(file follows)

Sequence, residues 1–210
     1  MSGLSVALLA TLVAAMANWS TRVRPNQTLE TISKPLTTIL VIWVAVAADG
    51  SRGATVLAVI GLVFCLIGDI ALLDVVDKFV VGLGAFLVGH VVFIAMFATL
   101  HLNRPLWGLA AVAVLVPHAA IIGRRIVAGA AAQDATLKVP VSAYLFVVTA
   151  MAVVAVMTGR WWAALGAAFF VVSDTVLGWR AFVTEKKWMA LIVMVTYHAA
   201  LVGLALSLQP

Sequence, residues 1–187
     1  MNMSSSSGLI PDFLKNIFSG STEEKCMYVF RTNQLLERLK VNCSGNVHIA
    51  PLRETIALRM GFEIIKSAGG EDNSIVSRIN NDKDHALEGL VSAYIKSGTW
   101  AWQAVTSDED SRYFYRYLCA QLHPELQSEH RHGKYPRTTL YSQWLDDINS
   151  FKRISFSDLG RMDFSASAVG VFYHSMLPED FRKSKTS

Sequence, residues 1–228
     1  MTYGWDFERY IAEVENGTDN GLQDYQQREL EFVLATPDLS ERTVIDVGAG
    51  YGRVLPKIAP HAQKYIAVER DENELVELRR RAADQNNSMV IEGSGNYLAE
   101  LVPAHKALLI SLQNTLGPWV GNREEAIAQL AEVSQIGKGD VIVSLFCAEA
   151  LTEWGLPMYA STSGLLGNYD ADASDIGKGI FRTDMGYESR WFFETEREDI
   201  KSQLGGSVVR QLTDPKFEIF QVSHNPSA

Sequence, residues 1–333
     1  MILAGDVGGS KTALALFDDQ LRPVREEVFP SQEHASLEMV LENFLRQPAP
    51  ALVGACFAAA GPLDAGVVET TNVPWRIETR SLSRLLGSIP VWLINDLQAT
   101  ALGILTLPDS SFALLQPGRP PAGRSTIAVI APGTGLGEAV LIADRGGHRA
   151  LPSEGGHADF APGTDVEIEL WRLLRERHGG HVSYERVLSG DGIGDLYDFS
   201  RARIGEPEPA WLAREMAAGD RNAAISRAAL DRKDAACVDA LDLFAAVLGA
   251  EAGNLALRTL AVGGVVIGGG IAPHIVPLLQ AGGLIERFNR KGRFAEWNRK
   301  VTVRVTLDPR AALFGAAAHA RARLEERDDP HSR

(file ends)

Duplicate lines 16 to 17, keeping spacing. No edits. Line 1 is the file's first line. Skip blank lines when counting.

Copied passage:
   151  LTEWGLPMYA STSGLLGNYD ADASDIGKGI FRTDMGYESR WFFETEREDI
   201  KSQLGGSVVR QLTDPKFEIF QVSHNPSA